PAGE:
Dale Dailey shared these images of his garden in the winter.
The first of December in central Michigan and the garden is still giving back. This morning I walked around our garden and found, despite the recent freezing weather and snow, several beautiful settings. Our alpine garden has several plants that deal with the cold very well.
Opuntia imbricata var. arborescens ‘White Tower’ (Zones 5–10). This cactus had an amazing vertical tower, but it collapsed late in the season.
Opuntia humifosa (prickly pear, Zones 4–10)
Yucca filamentosa ‘Color Guard’ (Zones 5–10)
There is still some brilliant foliage very much alive even after weeks of freezing weather and snow. Cyclamen hederifolium (ivy-leaved cyclamen, Zones 5–8) blooms in the fall and then produces these patterned leaves that stay up all winter before going dormant again in the spring.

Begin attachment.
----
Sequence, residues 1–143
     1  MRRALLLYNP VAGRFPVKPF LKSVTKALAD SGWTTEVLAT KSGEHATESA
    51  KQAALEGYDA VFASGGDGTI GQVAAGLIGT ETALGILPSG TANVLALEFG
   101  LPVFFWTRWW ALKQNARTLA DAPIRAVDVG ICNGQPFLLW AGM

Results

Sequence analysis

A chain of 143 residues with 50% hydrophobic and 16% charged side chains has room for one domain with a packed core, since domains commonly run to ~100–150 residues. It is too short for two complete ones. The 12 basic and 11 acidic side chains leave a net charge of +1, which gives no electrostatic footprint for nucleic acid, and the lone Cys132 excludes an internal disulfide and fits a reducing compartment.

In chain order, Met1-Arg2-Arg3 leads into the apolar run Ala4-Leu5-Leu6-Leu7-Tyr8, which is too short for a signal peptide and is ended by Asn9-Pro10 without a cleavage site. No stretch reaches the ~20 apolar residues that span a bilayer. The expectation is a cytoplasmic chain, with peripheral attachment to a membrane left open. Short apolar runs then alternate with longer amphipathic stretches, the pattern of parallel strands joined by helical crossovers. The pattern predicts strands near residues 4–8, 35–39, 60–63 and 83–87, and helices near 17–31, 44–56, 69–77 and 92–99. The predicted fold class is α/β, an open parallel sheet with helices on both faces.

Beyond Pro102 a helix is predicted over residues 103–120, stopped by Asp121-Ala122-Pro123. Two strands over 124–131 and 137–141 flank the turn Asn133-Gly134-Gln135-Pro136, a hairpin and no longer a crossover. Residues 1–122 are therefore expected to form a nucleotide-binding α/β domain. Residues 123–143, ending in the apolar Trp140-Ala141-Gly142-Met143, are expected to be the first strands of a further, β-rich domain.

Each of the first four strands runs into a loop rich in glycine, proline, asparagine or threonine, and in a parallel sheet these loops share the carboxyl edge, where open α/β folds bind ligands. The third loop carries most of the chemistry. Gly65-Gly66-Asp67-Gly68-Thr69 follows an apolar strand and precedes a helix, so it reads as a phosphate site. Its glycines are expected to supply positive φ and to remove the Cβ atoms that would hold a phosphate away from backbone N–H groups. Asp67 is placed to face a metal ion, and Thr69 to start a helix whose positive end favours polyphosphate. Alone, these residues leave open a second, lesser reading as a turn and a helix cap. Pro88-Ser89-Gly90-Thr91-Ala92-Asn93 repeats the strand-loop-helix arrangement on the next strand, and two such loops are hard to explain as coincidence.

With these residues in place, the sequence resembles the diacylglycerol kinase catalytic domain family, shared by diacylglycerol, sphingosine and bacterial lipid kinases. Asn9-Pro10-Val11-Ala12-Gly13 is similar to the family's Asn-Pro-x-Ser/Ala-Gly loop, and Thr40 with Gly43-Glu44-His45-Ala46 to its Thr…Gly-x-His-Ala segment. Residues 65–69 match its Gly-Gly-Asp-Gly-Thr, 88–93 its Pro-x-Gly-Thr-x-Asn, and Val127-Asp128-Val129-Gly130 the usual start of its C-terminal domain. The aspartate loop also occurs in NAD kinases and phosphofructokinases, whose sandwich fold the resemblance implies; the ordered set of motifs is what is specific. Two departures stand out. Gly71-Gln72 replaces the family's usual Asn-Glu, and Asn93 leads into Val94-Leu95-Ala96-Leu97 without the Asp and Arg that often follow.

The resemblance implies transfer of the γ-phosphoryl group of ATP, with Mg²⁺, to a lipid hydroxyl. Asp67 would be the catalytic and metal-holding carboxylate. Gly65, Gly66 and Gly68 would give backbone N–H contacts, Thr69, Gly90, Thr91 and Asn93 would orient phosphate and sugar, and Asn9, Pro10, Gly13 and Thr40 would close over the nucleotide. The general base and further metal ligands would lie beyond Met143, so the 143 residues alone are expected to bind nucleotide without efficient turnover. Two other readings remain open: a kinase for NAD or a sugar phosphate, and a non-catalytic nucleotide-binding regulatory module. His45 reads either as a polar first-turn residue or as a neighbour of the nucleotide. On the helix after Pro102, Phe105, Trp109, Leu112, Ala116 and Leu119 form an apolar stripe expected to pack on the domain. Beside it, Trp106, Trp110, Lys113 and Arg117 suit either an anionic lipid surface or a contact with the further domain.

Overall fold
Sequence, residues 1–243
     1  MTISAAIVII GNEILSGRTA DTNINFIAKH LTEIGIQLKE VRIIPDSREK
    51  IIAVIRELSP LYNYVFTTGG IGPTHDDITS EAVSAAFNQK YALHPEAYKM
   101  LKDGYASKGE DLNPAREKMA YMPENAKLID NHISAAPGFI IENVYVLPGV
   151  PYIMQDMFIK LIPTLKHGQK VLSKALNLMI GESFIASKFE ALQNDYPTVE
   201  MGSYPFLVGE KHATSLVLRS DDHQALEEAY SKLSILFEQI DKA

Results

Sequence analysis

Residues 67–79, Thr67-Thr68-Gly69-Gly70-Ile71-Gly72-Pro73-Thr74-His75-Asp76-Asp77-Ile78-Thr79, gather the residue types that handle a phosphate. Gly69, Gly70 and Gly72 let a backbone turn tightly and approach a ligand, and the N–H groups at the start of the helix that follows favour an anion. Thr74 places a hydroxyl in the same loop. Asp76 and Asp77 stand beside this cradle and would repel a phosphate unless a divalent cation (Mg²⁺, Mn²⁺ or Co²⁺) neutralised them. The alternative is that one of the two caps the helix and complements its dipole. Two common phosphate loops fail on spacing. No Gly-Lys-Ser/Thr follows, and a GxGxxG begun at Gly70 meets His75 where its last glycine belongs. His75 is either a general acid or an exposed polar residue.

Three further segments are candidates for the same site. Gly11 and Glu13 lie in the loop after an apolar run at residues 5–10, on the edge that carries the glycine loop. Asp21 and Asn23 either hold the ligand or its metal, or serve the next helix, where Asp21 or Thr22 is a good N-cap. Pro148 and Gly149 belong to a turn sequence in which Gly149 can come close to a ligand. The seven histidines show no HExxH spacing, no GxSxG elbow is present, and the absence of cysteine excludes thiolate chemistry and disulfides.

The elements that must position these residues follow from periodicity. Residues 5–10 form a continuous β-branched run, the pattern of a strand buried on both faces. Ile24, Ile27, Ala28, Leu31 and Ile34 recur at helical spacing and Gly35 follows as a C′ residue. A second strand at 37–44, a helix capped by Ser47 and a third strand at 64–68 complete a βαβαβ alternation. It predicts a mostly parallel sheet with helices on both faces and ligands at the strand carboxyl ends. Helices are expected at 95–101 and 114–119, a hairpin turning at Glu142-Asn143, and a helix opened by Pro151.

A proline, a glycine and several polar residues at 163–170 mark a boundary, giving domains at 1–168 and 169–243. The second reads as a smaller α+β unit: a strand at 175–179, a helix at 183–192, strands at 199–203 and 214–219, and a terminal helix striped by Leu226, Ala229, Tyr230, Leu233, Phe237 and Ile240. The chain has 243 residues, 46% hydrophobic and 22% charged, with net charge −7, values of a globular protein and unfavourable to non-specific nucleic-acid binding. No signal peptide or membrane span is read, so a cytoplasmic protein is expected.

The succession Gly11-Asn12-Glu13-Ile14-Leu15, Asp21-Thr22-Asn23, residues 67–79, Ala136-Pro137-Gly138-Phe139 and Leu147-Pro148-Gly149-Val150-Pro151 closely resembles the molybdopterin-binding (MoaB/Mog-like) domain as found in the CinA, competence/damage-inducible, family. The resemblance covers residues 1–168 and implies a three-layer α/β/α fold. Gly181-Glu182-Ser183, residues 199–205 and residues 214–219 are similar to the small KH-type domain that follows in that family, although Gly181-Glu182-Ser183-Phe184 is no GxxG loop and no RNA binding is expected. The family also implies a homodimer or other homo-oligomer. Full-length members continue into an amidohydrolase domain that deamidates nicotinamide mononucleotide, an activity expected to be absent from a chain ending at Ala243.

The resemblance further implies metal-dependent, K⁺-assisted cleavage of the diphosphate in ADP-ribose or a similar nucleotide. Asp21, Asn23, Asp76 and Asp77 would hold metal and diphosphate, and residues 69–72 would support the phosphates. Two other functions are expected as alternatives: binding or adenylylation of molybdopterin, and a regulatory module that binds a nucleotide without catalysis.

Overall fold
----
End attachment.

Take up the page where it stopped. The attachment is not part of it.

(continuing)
Hellebores (Helleborus orientalis, Zones 4–8) are best loved for their late winter/early spring flowers, but their foliage can put up a pretty good display in the winter as well. In the rear is a dwarf concolor fir (Abies concolor ‘Compacta’, Zones 3–7).
The leaves are gone, but the berries from a burning bush (Euonymus alatus, Zones 4–9) provide a beautiful backdrop for our peace pole.
Winter is a great time to examine the barks of our trees, especially this paperbark maple (Acer griseum, Zones 4–8).
And finally, even the hardscape of the garden seems more beautiful in a wet, snowy setting. So my suggestion is to stop dreaming about spring. Go outside and enjoy your garden today.
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